Born in Winnipeg, Fox was 18 when he was diagnosed with bone cancer.
Three years before he started his run, Fox's right leg was amputated 15 centimeters above the knee, in an attempt to stop the disease from spreading throughout his body.
Fox set out in 1980 to run across Canada to show an amputee's capability, and to raise funds for research.He ran 42 kilometers a day through the Atlantic Provinces, Quebec and Ontario; the equivalent of a full marathon everyday.
After 143 days on Canadian roads, Fox was forced to stop running near Thunder Bay, Ont., because the cancer had reached his lungs. He passed away in June of 1981 at the age of 22.
Till now, the Terry Fox Foundation has raised more than $400 million worldwide, with the vast majority of that amount going into cancer research.
Incidentally, the first run held in 1981, raised more than $3.5 million, as 300,000 people ran, walked or rode their bikes in the non-competitive event.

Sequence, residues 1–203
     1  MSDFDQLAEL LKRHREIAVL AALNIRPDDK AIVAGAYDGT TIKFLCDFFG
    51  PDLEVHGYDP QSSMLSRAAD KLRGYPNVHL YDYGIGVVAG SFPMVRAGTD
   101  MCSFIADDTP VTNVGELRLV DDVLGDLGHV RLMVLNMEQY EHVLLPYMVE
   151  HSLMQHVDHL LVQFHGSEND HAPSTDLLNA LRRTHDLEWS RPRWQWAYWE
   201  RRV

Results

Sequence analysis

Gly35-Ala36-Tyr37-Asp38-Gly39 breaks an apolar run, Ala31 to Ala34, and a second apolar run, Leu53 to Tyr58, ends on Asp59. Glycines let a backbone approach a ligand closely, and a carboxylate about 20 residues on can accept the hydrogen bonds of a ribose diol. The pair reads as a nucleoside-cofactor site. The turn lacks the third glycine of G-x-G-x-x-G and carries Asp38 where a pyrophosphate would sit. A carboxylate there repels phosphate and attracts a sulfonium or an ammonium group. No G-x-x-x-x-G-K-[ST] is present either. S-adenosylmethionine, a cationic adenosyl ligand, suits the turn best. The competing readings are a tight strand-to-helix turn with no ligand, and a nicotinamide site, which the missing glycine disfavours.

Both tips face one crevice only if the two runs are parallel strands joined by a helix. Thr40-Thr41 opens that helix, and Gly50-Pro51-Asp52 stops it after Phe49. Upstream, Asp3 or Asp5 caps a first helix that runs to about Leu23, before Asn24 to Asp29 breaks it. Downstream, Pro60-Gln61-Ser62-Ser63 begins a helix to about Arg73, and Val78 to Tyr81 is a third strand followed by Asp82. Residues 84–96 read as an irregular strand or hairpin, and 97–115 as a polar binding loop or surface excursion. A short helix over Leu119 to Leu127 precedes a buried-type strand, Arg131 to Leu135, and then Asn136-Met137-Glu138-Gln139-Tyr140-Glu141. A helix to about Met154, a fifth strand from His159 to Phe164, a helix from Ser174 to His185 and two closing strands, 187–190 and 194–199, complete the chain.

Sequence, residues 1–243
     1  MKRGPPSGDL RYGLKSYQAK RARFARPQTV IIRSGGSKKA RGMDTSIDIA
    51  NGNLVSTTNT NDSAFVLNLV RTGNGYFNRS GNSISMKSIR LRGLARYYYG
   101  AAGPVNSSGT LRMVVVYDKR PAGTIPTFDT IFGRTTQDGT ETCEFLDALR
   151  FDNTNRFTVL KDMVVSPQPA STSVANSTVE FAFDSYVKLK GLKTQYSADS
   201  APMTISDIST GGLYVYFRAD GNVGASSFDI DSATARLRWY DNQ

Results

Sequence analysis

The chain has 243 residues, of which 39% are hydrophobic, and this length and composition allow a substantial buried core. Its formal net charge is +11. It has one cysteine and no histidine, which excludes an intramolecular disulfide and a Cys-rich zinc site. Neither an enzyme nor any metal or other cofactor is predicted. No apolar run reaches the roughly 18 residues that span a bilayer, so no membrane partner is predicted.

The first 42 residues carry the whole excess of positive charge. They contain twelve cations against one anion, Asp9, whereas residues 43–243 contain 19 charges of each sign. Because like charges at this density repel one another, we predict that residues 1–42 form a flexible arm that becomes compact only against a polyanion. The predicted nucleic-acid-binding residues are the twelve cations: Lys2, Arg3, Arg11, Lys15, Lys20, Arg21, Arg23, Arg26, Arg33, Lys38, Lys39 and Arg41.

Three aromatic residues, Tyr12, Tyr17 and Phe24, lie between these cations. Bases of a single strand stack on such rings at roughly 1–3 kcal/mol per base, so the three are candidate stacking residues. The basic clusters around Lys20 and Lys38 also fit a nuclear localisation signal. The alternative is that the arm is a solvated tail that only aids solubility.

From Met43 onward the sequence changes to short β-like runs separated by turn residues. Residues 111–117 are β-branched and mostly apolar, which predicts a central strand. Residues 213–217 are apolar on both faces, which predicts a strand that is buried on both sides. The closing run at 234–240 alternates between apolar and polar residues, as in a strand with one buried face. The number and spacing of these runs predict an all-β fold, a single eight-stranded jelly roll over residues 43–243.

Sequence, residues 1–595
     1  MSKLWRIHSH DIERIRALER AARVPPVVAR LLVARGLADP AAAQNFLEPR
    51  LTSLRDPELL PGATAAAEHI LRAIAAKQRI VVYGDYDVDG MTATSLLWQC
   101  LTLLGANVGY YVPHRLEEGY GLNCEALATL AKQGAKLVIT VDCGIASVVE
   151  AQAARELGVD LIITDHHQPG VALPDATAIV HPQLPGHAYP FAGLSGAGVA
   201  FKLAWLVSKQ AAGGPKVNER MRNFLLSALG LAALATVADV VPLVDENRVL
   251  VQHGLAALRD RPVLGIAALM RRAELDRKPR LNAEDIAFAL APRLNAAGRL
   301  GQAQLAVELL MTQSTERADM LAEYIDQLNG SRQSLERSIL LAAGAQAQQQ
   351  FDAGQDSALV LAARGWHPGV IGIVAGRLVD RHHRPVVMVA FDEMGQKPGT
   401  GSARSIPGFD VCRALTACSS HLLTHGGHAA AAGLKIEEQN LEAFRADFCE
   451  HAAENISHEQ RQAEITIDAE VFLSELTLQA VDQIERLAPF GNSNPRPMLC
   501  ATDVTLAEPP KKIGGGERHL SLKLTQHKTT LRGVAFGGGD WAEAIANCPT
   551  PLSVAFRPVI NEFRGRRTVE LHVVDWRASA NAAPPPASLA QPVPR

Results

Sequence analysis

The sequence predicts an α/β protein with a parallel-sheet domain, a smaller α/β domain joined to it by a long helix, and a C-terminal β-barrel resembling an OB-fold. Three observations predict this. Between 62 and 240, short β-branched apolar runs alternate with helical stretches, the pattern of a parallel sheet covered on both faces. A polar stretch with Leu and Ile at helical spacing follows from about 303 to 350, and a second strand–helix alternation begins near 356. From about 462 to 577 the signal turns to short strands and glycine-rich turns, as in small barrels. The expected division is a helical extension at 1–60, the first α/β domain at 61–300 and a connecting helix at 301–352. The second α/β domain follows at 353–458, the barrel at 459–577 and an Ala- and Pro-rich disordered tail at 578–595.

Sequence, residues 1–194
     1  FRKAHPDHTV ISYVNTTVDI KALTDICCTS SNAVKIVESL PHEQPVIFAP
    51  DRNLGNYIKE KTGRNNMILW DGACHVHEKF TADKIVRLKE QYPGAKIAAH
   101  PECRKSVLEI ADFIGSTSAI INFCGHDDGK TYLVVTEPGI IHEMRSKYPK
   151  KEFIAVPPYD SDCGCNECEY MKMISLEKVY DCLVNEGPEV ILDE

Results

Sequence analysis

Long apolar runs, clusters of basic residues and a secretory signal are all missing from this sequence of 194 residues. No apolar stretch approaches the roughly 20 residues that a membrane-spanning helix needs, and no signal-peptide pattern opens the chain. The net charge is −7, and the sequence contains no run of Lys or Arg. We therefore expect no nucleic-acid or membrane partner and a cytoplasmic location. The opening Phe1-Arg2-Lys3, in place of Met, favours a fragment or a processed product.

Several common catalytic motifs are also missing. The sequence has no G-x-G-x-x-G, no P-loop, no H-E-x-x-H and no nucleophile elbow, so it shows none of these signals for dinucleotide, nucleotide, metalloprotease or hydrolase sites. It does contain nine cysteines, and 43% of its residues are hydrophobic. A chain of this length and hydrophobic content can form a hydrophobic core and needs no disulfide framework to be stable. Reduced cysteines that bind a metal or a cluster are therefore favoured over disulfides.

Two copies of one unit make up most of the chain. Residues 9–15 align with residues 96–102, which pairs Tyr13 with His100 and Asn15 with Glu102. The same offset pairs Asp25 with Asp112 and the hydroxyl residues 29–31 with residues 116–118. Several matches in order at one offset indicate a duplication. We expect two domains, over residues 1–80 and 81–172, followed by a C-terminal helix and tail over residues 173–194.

One such participant of this year's run was Steve Crawford. "Terry Fox's belief was that there should be no registration fee, no competition."He just wanted to see every Canadian give a dollar for cancer research", he was quoted.
In Toronto on Sunday, thousands of participants lined up to run, walk, skate and bike the 10-kilometre marathons that kicked off from various sites across the city.
Dr. Eshwar Kumar, head of the N.B. branch of the Canadian Cancer Society, said organizations like the Terry Fox Foundation are crucial for researchers.
"Sometimes what we do gets us down," he was quoted. "We want to help cure patients and we know a lot needs to be done to research causes and treatments. And the only way to do that is by investing more money into it."